Drake sophomore spends spring break at Wal-Mart

Like, he didn't leave the Windsor Heights, Iowa store. He walked around, bought food and ate it, watched a lot of movies and videogames, and slept sometimes in the restroom, sometimes in the lawn and garden center. Until the "greeters" caught on.

Freaking Genius

I so want this for my living room, it's not even funny.



Salad Fingers

Bizarre, demented, awkward, addictive short cartoons by David Firth ... starring Salad Fingers.

Episode 1, "Spoons"
Episode 2, "Friends"
Episode 3, "Nettles"
Episode 4, "Cage"
Episode 5, "Picnic"
Episode 6, "Present"
Episode 7, "Shore Leave"

Charles d'Ambrosio lecture, David Lynch in Iowa webcast


4pm today -- Pappajohn W401, "How to Write Dialogue"

9:30-10:30am Saturday -- If you didn't pony up the $115 registration fee to spend the weekend meditating and eating vegetables with David Lynch (try the DAILY WEATHER REPORT or, if you dare, CONTINUE and look at the TRAILERS) at the Maharishi University of Management in nearby Fairfield, you can watch his Q & A tomorrow morning for free on the Web. Mr. Lynch, who credits his insanely creative imagination partly to meditation, will be discussing "Filmmaking, Consciousness, and the Creative Process." (Not his first time in Iowa, btw -- remember The Straight Story took place in Iowa.)
I meditate in the morning and in the evening, for half an hour each time. I don't know what my life would be without meditation and I never have missed one session anywhere. I've meditated every day for the past 23 years... the idea of that is to expand consciousness by clearing the machines of consciousness, which is the nervous system, and the greater the consciousness, you know ... I think in the analogy of fishing, the deeper your hook can go to catch the bigger ideas. And it's very important to get down in there. Sitting comfortably, in a chair, drifting off, not trying to manipulate what's in front of you, sometimes you can drop into a beautiful area or bounce up to higher, whichever way you want to see it, into a beautiful area and catch ideas.


Buried Gore documentary up on Google

See Spike Jonze's 13-minute handheld record of a day with the Gores before the 2000 Democratic Convention. The film is available on McSweeney's Wholphin DVD, but you can watch it now for free. (Via)


"Gleason" by Louise Erdrich

New Yorker fiction -- March 20, 2006 issue

green light
Wouldn't surprise me if this became one of those rich, compact, anthologized classics we're all forced to study, the kind that make you despair of ever reaching a certain level of skill. It's all rollicking plot from beginning to end, making it hard to discuss the events without too many spoilers. Just read it. Not much about it is new -- the plot itself borrows heavily from Fargo (surely she saw it?) -- and the characters are minimally rendered, but Erdrich's careful use of language creates a deceptively plain lyric sound with the sparest economy. All the fat has been trimmed from these sentences, but none of the meat, and you can feel the bones jutting and solid beneath. Plot turns do not flatter themselves with ornamentation or literary trickery. They just roll out in the same subdued voice as everything else, adding a note of sincerity and truth to an already convincing neutrality. Pay attention to the character of Carmen. It's pretty amazing the transformation she undergoes in just 14 columns of text. A lot to be learned here.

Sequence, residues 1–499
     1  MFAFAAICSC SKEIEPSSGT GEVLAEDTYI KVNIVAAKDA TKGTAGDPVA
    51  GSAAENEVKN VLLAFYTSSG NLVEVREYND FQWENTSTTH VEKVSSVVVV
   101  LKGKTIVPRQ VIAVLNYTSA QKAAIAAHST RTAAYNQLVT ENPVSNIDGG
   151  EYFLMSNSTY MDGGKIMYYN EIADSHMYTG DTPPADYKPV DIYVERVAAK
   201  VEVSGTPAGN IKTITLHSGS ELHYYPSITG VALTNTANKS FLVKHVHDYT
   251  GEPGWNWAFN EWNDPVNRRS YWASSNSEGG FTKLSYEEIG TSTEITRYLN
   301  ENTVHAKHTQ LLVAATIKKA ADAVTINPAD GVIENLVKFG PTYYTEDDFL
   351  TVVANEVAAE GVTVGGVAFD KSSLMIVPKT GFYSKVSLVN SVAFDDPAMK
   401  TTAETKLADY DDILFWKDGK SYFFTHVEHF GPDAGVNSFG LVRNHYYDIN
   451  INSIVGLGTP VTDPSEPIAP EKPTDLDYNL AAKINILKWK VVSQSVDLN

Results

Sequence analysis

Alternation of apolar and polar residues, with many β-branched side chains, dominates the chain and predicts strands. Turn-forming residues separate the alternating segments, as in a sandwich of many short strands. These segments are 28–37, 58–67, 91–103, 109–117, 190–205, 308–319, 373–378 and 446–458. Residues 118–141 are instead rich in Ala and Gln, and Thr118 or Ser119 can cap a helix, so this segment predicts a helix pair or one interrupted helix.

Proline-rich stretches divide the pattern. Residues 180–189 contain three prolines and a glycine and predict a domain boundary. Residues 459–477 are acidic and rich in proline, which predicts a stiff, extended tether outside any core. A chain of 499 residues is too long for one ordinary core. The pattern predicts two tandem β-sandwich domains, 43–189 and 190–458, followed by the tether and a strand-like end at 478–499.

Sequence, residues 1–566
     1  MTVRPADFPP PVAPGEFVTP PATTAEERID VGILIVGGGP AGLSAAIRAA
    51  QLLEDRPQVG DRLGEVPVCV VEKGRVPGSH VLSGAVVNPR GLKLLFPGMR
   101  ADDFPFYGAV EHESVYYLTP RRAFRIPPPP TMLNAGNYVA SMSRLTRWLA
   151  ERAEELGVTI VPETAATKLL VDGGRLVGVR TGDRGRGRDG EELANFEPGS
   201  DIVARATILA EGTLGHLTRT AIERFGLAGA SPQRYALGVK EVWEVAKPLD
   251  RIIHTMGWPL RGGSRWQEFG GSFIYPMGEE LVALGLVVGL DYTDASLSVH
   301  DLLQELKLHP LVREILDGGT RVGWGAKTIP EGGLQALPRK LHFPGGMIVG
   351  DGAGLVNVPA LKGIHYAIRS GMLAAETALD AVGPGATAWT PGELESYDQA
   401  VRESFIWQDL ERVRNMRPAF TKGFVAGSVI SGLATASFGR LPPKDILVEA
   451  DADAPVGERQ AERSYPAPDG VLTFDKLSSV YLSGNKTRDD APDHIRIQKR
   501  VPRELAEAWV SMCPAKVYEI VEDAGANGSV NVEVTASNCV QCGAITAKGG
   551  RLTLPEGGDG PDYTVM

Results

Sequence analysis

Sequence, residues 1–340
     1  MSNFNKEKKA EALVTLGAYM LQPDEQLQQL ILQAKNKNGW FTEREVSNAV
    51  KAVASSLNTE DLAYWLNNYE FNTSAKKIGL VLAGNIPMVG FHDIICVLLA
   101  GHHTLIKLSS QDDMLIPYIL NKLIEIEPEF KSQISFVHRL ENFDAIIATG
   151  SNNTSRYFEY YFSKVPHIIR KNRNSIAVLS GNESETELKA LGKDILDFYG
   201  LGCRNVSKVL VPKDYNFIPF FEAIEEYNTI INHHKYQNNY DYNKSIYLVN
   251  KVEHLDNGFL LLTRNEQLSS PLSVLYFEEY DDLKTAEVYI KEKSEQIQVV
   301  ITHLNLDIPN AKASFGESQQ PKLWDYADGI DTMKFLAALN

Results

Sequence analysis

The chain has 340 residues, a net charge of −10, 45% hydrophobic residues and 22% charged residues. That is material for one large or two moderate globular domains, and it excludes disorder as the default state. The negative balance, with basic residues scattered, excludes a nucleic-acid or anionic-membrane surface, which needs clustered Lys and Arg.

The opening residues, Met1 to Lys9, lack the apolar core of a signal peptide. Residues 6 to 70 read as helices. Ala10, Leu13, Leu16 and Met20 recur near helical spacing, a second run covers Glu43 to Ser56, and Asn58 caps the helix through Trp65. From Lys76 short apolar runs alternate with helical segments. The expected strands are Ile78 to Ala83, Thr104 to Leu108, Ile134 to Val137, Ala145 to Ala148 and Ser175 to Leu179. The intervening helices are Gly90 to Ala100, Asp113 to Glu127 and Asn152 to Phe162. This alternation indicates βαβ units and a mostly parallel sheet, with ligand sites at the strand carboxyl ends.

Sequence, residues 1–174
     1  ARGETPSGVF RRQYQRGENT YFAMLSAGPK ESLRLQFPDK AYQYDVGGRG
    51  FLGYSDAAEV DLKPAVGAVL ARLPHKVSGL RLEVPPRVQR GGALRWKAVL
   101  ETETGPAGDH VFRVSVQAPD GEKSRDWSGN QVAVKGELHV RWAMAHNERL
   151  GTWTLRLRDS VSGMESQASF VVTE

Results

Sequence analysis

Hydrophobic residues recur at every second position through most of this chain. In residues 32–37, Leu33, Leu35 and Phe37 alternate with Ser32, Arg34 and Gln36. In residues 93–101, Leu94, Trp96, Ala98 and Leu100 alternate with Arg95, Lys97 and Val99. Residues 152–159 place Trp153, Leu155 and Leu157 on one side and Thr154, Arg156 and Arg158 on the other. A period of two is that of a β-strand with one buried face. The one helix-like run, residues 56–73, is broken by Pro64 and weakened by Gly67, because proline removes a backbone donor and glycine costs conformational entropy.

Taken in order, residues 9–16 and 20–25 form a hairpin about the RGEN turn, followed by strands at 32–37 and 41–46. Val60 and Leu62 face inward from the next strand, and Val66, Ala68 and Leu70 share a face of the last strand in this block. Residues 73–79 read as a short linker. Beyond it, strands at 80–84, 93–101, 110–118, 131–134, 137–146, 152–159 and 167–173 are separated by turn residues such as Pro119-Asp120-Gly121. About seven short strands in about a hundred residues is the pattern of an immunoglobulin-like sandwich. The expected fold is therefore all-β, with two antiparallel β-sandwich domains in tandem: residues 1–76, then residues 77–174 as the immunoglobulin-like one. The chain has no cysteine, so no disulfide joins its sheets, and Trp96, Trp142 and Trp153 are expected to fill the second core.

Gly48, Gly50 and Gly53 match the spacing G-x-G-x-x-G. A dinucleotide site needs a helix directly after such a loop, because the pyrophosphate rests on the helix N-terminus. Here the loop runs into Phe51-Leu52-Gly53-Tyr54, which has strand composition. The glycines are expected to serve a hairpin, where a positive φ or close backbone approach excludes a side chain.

Charles D'Ambrosio lecture

The Writers' Workshop lecture series, launched last month by Dean Young, continues next Friday. Charles D'Ambrosio will deliver a talk called "How to Write Dialogue" 4pm, March 24, at 401 West Pappajohn. Note the much-needed larger space this time.


And in Pope news...

Since Charlemagne and I work for God, I thought it time to give a report from the front lines.

Item 1: Pope Benedict gets an iPod. His reponse? "Computer technology is the future." Pithy.

Item 2 (Charlemagne gets credit for this delightful discovery): Get your Pope merch! I happen to know the Big C has his eye on the "Papist" trucker lid.

Kevin Brockmeier reading tonight

Prairie Lights, 7pm. Reading from his novel The Brief History of the Dead, which deals with events in a land between life and death, where people are dead but alive in someone's memory. A review is here.



Supreme Court Strikes Anna Nicole Smith from the Record

William James on Iraq

Okay, not exactly, but workshop grad and pal Chris Hallman has an op-ed in today's Boston Globe pointing out the philosopher's thoughts on the Philippines, the Iraq War of his day. Seems not much has changed in 100 years.